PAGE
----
1964 Yamaha Trailmaster 80

Taking it to the trails


| January/February 2009



yamaha trailmaster 80 1

1964 Yamaha Trailmaster 80.

Photo by Chris Hartman

Yamaha Trailmaster 80 
Years produced:
 1964-1966
Claimed power: 6.2hp @ 10,000 rpm
Top speed: 41mph
Engine type: 81cc 2-stroke, air-cooled single
Weight (dry): 63.5kg (140lbs)
Price then/now: $367/$1,000 - $2,500
MPG: 170

When you think of a vintage small-bore Japanese motorcycle for running in-town errands or slinging mud on a weekend camping trip, what comes to mind?

For many it’s a Honda Trail 90. But if you want something different, the Yamaha Trailmaster 80, might be the bike for you, and in many respects it surpasses its more heralded competition. 

Out of the shadows
In the early 1960s, Yamaha was best known in America for its larger YD series of machines. It wasn’t until the introduction of the YG series in 1963 (and the lesser-known YJ series of 1964) that the small-bore crowd was treated to Yamaha’s wonderful mix of style, sportiness and 2-stroke innovation.

The Yamaha YG1 was the more mainstream street-oriented machine, with a full front fender, two-place seat and sporty two-tone paint schemes. Today, the occasional YG1 comes up on eBay and would prove an excellent street machine on its own merits. But it’s the YG-1T, or Yamaha Trailmaster 80, that is getting our attention, as it deserves a little spotlight of its own, out from the shadows of the all-powerful Honda Trail.

First introduced in 1964, the Yamaha Trailmaster 80 combined Yamaha’s then-new rotary-disc-valve 2-stroke engine, with a few well-chosen functional modifications to make it better suited for the occasional off-road journey. Items like the cut-down front fender, the small rubber mud flap, the solo seat with a sizeable luggage rack on the back and a skid plate mounted under the engine all work together to shout “Trail.”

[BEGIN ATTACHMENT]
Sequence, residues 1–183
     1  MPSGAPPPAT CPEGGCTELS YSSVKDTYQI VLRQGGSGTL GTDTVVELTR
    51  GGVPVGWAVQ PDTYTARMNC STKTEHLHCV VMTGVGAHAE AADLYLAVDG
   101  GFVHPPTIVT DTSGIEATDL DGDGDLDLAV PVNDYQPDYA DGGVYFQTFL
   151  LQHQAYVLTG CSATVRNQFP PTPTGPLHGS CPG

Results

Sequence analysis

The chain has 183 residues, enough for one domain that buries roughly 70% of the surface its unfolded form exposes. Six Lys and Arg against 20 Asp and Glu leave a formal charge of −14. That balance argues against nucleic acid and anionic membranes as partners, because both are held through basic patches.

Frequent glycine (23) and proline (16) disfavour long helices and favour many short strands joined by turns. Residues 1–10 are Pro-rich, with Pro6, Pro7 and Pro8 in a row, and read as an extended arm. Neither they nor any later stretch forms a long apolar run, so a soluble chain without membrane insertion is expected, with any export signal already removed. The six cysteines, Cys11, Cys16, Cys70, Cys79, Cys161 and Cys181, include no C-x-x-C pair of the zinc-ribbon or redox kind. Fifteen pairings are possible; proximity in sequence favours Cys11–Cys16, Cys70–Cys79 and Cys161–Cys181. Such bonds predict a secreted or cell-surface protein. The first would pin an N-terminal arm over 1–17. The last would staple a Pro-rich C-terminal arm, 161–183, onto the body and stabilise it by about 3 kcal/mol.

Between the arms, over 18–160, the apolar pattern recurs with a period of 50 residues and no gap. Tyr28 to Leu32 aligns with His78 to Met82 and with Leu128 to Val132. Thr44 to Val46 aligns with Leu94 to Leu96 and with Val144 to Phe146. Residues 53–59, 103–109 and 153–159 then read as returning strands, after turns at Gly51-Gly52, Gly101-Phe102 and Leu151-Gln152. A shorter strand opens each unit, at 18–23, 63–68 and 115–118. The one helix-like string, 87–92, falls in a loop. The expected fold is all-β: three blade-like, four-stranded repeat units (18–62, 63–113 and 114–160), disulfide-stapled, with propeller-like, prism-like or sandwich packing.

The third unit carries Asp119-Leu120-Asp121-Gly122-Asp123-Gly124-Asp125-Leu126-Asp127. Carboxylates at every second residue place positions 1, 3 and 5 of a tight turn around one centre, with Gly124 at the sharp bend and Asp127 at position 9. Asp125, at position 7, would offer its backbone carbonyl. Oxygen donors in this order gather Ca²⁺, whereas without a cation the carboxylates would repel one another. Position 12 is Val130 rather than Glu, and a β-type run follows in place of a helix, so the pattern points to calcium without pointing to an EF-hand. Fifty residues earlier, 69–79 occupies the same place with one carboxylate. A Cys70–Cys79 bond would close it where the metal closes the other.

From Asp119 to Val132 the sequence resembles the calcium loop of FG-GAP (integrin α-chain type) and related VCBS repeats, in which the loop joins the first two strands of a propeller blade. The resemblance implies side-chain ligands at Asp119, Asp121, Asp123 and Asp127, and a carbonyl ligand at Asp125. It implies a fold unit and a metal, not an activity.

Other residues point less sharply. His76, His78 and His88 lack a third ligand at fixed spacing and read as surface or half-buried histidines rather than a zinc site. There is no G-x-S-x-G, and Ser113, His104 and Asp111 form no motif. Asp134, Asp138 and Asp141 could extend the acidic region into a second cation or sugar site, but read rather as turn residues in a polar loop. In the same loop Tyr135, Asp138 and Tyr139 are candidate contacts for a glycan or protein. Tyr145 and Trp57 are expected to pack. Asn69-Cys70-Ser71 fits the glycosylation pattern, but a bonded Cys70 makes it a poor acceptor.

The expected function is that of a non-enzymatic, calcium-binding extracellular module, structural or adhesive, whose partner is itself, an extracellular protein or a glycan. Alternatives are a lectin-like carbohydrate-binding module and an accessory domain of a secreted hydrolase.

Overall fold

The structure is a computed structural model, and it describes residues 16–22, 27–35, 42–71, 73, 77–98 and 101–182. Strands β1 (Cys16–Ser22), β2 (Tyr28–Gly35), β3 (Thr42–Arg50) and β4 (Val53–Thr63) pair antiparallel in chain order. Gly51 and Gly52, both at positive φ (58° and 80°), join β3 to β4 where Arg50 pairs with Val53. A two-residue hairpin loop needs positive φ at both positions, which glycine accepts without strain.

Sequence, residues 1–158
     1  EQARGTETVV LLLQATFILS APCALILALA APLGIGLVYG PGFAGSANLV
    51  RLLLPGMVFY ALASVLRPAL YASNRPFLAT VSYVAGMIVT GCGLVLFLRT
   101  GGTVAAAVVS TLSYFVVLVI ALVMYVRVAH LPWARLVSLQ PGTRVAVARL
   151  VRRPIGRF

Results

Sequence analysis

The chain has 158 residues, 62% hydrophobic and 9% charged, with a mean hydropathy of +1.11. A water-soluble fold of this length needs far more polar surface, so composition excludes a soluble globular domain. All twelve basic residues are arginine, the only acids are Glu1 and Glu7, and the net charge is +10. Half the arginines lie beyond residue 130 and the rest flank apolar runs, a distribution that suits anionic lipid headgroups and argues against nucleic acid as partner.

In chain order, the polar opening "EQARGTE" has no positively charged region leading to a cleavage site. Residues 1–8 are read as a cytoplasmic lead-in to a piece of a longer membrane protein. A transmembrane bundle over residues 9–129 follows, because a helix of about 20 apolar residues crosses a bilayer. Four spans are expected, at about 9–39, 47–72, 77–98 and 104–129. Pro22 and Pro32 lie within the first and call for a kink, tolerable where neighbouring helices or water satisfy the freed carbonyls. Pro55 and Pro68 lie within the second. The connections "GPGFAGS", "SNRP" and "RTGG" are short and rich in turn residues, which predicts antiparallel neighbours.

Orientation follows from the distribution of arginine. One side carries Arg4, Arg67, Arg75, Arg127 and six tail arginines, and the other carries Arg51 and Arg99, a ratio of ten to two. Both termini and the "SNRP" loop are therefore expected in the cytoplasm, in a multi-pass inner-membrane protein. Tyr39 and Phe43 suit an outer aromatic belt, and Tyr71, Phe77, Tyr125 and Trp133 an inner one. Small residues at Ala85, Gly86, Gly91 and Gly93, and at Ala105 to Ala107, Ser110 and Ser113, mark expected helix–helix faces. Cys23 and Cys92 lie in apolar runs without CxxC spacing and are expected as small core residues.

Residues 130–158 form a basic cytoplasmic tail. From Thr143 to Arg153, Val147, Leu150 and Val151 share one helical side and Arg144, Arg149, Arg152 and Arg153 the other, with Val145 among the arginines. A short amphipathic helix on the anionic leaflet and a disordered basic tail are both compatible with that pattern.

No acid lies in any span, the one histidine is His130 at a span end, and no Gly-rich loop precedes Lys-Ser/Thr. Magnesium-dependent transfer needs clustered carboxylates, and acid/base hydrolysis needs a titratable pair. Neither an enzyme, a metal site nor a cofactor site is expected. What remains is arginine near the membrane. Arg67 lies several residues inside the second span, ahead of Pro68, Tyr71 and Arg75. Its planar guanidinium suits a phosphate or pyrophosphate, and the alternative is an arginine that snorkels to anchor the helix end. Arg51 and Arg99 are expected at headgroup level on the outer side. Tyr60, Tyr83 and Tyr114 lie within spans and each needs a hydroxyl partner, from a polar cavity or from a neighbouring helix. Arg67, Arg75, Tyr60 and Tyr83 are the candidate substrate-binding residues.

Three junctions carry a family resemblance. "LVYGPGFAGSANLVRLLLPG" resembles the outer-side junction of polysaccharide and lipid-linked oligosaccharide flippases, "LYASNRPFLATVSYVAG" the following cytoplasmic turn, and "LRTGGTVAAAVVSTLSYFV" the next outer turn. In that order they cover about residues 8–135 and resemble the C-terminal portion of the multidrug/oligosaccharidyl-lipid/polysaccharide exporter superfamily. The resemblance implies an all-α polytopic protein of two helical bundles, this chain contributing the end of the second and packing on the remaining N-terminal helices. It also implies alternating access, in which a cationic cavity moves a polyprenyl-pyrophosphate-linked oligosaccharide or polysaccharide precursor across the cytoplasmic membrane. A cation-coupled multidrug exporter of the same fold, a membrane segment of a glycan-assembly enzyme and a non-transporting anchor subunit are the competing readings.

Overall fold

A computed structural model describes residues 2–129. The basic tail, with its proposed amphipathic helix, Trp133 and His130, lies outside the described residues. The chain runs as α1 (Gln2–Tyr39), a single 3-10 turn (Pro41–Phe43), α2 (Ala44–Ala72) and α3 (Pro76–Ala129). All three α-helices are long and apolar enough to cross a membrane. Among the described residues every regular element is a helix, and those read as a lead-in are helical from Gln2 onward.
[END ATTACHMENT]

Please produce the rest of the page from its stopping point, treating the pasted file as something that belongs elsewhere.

In fact, when sitting next to their similar vintage Honda Trail 55 and 90 counterparts, the Yamaha Trailmaster 80 fits right in, yet looks more refined. While the Hondas were based on the step-through Cub C100 series and flaunted their raw look with exposed components, the Trailmaster was based on a sportier street bike, and therefore carries over a few more stylish cues like the gleaming chrome fuel tank and low-mounted
chrome muffler.

KC
1/12/2015 9:03:25 PM

Hello, I have a really nice little YG-1. It is a 1963 Trailmaster, if anyone is interested in buying it? It is not currently running, but has good compression and wouldn't take much. Please write, iadocumentary@yahoo.com Thanks! KC


mrt
6/27/2011 11:19:20 PM

A couple of minor points... the "F" light is actually an indicator for the optional turn signals... and there was an 80cc rotary valve model that looked a lot like the Honda Trail 90 with the step-through frame. It was the MG-1 "Omaha Trailmaster"... my first bike.


Jim Shaw
1/17/2009 3:13:26 AM

I have a Yamaha YG1.I bought it new in 1964. It was my first motorcycle.They were actually 73cc.It is stamped in the side of the cylinder by the exhaust port.


markinmtns
1/15/2009 4:20:19 PM

A little while back I opened up a thread on the japanese forum asking about what had happened to all the old tiddlers. Describing my experence in a boneyard I mentioned a forlorn little yellow Yamaha that looked kinda like a trail 90. Now I know it was a YG-1T trailmaster missing it's fuel tank. Isn't that a quinky-dink! You guys featured it! Thanks!






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